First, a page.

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Titel: Philosophy and Geography II
The Production of Public Space.
Herausgegeben von Andrew Light, Jonathan M. Smith
Rowman & Littlefield Publishers
Rowman & Littlefield Publishers
28. Dezember 1997 - kartoniert - 268 Seiten
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The future of public space is uncertain. Although public spaces have become increasingly shabby and crowded, novel alternatives have appeared in the form of fantastic, semi-public pleasure grounds, developed by well-heeled, crowd-pleasing entrepreneurs and devoted to profit, consumption, and self-indulgence. Philosophers and geographers have converged on the topic of public space, fascinated and in many ways alarmed by fundamental changes in the way post-industrial societies produce space for public use, and in the way citizens of these same societies perceive and constitute themselves as a public. The contributors to this volume advance this inquiry, making extensive use of political and social theory. Philosophy and Geography II: The Production of Public Space gives readers an enhanced appreciation of the intimate connections between political principles, social processes, and the commonplaces of our everyday environments.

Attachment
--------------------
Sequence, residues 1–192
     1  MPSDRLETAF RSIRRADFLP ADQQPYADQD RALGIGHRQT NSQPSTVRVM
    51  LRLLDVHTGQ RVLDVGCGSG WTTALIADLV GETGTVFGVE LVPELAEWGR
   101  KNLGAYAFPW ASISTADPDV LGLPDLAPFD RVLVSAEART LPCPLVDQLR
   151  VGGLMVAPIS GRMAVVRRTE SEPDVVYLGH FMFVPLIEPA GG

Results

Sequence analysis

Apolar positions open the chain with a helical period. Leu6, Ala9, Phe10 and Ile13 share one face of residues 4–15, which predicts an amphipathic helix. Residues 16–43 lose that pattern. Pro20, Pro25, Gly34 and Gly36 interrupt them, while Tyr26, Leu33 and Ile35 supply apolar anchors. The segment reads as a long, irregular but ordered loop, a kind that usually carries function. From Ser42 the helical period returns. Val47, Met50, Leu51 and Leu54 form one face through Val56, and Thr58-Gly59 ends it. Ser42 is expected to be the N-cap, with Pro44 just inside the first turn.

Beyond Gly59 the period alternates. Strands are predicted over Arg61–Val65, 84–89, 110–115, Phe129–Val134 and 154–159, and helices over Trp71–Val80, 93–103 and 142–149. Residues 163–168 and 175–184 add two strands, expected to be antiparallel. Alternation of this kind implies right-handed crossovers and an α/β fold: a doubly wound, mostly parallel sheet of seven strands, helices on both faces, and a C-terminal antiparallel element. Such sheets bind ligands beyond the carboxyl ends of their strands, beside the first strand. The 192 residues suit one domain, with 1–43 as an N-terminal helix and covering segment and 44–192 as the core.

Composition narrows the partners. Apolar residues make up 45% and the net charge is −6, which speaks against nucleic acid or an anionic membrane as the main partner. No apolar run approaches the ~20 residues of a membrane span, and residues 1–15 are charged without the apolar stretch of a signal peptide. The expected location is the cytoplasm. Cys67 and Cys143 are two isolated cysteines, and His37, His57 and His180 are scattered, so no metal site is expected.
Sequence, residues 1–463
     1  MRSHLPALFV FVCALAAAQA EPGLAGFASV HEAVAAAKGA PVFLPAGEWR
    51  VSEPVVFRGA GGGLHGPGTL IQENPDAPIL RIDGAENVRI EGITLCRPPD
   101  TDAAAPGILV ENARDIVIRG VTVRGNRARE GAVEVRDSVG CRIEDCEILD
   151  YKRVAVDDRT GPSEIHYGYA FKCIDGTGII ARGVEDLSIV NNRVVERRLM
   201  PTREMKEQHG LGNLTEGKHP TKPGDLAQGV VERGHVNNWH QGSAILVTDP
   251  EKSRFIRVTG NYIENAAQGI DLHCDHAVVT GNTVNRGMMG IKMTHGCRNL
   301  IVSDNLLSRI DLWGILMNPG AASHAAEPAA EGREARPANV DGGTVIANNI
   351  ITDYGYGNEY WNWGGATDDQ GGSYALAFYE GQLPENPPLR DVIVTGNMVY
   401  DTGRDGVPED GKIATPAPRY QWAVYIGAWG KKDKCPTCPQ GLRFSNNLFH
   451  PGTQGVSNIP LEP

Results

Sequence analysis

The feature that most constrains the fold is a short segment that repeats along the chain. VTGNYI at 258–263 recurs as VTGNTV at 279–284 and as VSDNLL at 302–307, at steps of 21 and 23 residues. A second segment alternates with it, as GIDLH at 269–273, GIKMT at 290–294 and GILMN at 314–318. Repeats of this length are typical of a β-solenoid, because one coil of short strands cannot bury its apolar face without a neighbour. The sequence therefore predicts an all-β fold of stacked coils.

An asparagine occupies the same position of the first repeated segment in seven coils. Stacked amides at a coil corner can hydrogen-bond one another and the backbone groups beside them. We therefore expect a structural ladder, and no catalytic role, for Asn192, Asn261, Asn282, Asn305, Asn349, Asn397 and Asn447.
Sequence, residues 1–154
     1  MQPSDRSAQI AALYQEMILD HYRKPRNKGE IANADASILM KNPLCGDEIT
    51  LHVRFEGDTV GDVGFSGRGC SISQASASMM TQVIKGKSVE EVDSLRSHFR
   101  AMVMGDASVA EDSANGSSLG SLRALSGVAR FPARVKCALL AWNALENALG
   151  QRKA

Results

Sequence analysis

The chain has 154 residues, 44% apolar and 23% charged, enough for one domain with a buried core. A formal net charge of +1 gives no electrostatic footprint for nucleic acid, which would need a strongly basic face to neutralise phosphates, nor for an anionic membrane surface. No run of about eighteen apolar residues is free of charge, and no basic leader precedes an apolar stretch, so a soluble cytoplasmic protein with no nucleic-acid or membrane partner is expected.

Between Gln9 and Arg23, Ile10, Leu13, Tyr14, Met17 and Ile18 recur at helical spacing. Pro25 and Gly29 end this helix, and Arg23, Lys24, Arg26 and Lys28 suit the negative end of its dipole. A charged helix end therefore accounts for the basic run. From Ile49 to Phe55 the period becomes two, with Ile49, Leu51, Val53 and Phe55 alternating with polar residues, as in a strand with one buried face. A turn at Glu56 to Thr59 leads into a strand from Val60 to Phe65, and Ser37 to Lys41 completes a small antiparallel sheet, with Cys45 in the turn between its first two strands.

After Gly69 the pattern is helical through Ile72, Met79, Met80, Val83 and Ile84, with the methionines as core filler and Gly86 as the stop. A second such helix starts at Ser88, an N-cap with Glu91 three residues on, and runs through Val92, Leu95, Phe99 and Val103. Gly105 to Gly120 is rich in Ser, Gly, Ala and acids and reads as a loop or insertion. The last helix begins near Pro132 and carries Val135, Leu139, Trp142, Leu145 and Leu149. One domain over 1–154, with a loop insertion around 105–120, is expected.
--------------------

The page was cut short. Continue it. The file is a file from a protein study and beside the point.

Chapter 1 List of Illustrations Chapter 2 Acknowledgements Chapter 3 Introduction: Geography, Philosophy, and Public Philosophy, and Public Space Part 4 Symposium on Henri LeFebvre's the Production of Space Chapter 5 Henri Lefebvre on Abstract Space Chapter 6 Antinomies of Space and Nature in Henri Lefebvre's The Production of Space Chapter 7 The Production of Space or The Heterogeneity of Place: A Commentary on Edward Dimendberg and Neil Smith Part 8 Beyond The Public/Private Dichotomy Chapter 9 Formal Politics, Meta-Space, and the Construction of Civil Life Chapter 10 The Stranger on the Green Chapter 11 Public and Private, Power and Space Chapter 12 The "Disappearance of Public Space": An Ecological Marxist and Lefebvrian Approach Part 13 Regional Territories Chapter 14 Contested Space: The Rural Idyll and Competing Notions of the Good Society in the U.K. Chapter 15 The Rights of Rights of Way Chapter 16 The Mediation of the Public Sphere: Ideological Origins, Practical Possibilities Chapter 17 Representation, Identity, and the Communicative Shaping of Place Chapter 18 Maps and Entitlement to Territory Chapter 19 Index
Andrew Light is assistant professor of philosophy at the University of Montana. Jonathan M. Smith is associate professor of Geography at Texas A&M University.
It offers the prospect of an academic conversation across boundaries that have proven remarkably impervious to dialogue. The reader will encounter thought-provoking comments in a number of the essays. Professional Geographer They show that both philosophers and geographers can benefit from listening to the epistemological, political, scientific, and ethical issues surrounding space and place that trouble each other. This lesson alone makes the journal an important read. Environmental Ethics
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